Coaching and consulting are equally ambiguous terms. Coaches in football and other sports, tutors in scientific training, and also managers and project managers are likewise referred to as coaches. And they aldo see themselves as such. There are, furthermore, also consultants for almost every discipline. Yet, coaching and consulting are by no means the same! Both may overlap in practice, but the difference will be worked out here.
Business coaching for executives and consulting are certainly not the same; they may not differ in form, but in logic! Coaching is firstly about the development of solutions guided by questions and the autonomous development of a client (“coachee”). The goals can be, for example, the completion of personal complex tasks, professional development (career coaching) or the development of new skills. On the other hand, professional advice (strategy advice, process advice, career advice, in change management) provides theories, suggestions for measures, tips or other information. All this surely using scientific approaches.
Career coaching topics start with the application process, secondly with the planning of internal sidesteps and promotions, in the long run a targeted change of employer or the evaluation of sudden external offers. And it ends, finally, with the exit from professional life, or the return to it. But other events are really critical: perceived career plateaus, change of boss who does not develop well, new colleagues who turn out to be challenging one’s position or simply unsympathetic; or a former trainee returns as one’s new boss after a short assignment abroad.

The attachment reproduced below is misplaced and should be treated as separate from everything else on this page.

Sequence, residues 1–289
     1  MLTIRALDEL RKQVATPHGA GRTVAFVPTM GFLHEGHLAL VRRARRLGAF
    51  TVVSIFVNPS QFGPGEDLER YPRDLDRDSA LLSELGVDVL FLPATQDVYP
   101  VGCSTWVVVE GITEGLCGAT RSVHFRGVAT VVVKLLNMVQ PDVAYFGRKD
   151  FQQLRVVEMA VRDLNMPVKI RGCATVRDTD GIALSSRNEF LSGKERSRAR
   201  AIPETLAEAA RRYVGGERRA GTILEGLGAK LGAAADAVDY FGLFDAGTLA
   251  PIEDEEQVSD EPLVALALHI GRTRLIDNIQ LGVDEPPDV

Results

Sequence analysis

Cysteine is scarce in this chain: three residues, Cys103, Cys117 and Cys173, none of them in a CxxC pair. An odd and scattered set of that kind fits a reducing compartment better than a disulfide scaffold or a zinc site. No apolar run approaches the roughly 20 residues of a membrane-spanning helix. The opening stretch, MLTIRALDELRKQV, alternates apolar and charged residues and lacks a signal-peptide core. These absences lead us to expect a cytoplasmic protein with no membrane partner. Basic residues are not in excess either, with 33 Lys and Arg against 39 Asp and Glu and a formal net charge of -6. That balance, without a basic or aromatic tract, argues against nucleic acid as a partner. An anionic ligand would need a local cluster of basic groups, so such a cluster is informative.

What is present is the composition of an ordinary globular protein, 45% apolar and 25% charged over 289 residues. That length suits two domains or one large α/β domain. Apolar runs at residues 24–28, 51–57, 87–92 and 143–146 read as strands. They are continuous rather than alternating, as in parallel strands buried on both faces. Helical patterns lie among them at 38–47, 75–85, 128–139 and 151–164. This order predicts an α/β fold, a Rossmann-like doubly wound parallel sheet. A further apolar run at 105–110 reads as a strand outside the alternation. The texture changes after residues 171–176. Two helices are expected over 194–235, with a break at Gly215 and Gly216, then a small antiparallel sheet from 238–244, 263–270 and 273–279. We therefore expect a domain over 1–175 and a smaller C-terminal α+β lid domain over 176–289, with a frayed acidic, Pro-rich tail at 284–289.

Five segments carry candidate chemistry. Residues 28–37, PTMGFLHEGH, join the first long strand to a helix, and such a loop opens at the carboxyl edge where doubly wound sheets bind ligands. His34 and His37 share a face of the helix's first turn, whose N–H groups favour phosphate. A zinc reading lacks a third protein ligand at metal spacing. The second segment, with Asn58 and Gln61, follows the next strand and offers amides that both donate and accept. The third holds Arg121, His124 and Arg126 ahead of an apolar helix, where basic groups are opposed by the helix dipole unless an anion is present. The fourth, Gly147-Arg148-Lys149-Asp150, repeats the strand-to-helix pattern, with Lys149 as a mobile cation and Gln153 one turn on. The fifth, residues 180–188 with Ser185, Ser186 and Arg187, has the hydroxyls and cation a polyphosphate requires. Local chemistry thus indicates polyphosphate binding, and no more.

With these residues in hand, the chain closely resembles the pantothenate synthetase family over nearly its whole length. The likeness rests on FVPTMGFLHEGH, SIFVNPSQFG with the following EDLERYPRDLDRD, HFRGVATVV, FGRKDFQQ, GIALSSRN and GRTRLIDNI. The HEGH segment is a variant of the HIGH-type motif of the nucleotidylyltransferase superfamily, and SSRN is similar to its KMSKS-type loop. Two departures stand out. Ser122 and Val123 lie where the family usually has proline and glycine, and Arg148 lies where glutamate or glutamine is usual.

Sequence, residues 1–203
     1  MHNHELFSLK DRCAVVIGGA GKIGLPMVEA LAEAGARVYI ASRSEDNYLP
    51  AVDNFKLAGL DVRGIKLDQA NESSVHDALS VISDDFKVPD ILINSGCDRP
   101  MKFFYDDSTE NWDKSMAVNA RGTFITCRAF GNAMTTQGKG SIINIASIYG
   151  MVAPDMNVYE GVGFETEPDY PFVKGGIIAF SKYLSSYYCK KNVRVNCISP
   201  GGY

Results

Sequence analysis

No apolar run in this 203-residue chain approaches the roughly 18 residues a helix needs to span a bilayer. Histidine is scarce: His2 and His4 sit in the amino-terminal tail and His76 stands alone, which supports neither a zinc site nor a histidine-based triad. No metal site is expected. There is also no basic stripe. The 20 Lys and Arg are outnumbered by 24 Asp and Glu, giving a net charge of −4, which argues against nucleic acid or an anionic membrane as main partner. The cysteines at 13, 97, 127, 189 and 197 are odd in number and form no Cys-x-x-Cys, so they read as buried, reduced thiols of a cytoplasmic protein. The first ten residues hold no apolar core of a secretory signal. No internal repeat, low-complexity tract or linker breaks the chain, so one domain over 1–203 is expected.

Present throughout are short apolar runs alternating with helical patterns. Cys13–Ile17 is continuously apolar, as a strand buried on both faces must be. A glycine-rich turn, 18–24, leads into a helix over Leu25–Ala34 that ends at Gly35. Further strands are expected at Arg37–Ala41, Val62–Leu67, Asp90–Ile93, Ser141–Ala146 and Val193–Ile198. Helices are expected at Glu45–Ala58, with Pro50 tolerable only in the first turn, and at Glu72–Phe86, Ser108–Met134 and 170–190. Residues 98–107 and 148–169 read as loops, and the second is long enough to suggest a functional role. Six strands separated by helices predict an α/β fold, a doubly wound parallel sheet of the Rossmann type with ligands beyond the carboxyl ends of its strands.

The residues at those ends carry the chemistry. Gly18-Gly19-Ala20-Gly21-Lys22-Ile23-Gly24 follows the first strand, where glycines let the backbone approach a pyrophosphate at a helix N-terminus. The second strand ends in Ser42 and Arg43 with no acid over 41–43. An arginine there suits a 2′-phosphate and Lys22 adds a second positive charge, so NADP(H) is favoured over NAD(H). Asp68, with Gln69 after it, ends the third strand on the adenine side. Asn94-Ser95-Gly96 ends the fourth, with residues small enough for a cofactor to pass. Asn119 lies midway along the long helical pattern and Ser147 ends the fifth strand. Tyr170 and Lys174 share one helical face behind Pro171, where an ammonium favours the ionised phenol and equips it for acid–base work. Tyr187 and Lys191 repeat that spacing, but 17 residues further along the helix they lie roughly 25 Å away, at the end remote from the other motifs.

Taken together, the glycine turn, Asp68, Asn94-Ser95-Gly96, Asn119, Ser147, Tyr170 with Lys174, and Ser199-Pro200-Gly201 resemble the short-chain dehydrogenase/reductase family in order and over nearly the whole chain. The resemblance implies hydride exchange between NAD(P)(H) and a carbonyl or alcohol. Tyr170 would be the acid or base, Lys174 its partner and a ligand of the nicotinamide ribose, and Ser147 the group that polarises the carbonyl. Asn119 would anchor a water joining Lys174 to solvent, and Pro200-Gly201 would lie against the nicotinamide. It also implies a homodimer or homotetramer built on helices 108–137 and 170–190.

You can surely put it all aside or dismiss it as insignificant – but it still rankles! As I understand it, career coaching also has the purpose of allowing grieving. Or to open a valve for anger. So to reduce frustration… Listening is the key coaching skill here! But furthermore it’s about expressing understanding, which is more than the succinct sentence “I can understand that well”! Only then do I move on to reflecting on the status quo and finally looking ahead to the future.
Coaching as a process: In a (not too long) sequence of personal discussions of at least 60 minutes each, or up to 120 minutes, the topics desired by the coachee (business coaching for executives, career coaching) are dealt with. In oder to do so, questions asked by the coach are the central method here. This is indeed the core of coaching competence. Of course, “he who asks leads” still applies here – while this asking is not at all done with a leading intention. Rather, the client’s answers are taken up and further explored through follow-up questions; especially the systemic asking has developed into a methodology of its own.
Basically, the coaching conversation can meander in all possible directions. But the GROW model represents a certain sequence: Goal – Roadblocks – Opportunities – Will. In other words target/goal – reality check – possibilities – will to implement.
Firstly, Goal names the topic, expressed as a goal. The term contract is usually used for this. Obviously, the clearer I can work it out in the beginning, the more creative and shorter the conversation will be. But be careful: sometimes the client cannot express his or her key question, and it only becomes clear in the course of the conversation. Surely the goal then changes, or is further developed, thus jumping back to the starting point from a later phase.
Secondly, the reality of the coachee must first be worked out. Of course gaining insight (Kurt Lewin) is possible here. However, roadblocks is the more accurate word here: what stands in the way of achieving the goal? For example, I ask as a starter: Why don’t you just do it? In contrast, the understanding of past causes is less important to me!